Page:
Every year, just more than four out of every 1,000 Swedish women are diagnosed with carpal tunnel syndrome, far fewer than those in the US, according to a Swedish study.
For men, the number of new cases hovered just under two per 1,000 per year, according to the study led by Isam Atroshi at Hassleholm Hospital in Sweden and published in the Archives of Internal Medicine.
Carpal tunnel syndrome is a painful condition caused by a pinched nerve in the wrist. Though it sometimes goes away by itself, it may require treatment, with surgery possible to relieve pressure on the pinched nerve if wrist splints or corticosteroid hormone injections fail.
“A few studies have estimated the incidence of carpal tunnel syndrome (CTS), showing large differences between countries,” Atroshi wrote. “We estimate the incidence of physician-diagnosed CTS and surgery in the general population in southern Sweden and compare it with corresponding incidence in a US general population.”
Previous studies have produced similar results.
One, in which Russell -Gelfman of the Mayo Clinic took part, found that about twice as many people in Olmsted County, Minnesota, were diagnosed with CTS, compared with the rates seen in Sweden.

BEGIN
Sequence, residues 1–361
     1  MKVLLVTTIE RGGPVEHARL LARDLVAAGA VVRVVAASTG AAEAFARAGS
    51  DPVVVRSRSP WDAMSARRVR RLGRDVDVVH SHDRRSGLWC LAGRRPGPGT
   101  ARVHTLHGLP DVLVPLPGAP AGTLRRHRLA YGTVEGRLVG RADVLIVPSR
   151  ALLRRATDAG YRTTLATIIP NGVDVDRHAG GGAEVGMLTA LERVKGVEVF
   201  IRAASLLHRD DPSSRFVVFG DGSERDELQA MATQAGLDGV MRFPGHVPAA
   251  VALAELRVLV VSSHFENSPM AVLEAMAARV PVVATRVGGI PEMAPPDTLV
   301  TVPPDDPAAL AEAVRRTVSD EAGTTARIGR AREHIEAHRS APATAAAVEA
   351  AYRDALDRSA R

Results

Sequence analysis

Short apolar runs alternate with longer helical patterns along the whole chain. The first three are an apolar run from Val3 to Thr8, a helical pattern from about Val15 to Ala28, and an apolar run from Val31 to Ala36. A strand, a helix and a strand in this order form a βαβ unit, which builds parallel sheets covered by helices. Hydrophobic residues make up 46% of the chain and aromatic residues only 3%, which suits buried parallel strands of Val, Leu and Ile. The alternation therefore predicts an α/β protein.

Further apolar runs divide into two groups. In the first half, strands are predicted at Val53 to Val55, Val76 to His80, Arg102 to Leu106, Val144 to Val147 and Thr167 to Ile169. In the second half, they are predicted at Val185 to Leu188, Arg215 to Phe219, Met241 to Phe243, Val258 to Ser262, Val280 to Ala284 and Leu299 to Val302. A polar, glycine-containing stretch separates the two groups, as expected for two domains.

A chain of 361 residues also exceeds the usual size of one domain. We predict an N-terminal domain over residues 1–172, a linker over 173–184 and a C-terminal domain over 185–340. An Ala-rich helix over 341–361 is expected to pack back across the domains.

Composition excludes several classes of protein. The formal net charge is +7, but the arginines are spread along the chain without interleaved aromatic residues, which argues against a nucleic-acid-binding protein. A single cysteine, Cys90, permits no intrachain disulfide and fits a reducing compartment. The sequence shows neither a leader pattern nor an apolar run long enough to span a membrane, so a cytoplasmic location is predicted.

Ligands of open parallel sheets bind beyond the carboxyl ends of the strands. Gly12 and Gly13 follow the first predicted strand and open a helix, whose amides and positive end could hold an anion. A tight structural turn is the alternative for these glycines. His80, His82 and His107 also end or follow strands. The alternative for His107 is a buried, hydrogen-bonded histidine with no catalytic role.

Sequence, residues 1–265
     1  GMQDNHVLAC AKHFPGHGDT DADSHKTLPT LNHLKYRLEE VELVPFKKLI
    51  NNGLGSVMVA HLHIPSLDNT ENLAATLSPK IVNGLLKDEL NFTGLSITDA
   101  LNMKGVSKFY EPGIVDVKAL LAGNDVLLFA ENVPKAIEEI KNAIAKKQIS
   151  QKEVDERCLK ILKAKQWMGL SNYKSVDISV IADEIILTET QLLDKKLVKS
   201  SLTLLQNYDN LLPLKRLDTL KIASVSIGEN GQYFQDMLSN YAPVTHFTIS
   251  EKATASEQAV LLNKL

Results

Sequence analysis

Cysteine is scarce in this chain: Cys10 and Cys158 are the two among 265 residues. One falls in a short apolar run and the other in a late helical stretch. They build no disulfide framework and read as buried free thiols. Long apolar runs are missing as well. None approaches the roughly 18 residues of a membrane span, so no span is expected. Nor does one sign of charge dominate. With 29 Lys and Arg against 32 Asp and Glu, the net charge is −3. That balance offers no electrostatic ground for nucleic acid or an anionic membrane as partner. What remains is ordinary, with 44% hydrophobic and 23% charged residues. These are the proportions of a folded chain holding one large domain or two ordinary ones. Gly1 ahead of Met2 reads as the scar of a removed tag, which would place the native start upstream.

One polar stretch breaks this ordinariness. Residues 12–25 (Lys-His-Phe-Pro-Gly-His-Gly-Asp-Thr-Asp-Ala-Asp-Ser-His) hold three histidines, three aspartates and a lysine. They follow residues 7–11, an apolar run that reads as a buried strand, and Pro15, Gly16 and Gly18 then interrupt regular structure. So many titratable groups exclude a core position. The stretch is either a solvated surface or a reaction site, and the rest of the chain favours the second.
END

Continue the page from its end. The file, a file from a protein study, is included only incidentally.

“This study adds to our observations that there are differences in the incidence of medically attended carpal tunnel syndrome and surgical treatment between countries,” he wrote in an e-mail to Reuters Health.
He was not involved in the recent study.
What accounts for the differences is still unclear, but both medical and social factors could be at play, Atroshi wrote.
For instance, it could be related to obesity or to different types of work, he added.
Carpal tunnel is often the result of repetitive motions that cause the ligaments in the wrist to become inflamed and pinch a nerve.
Gelfman said that as many as 15 percent of the population may have symptoms, but only about 5 percent or fewer are diagnosed with carpal tunnel syndrome.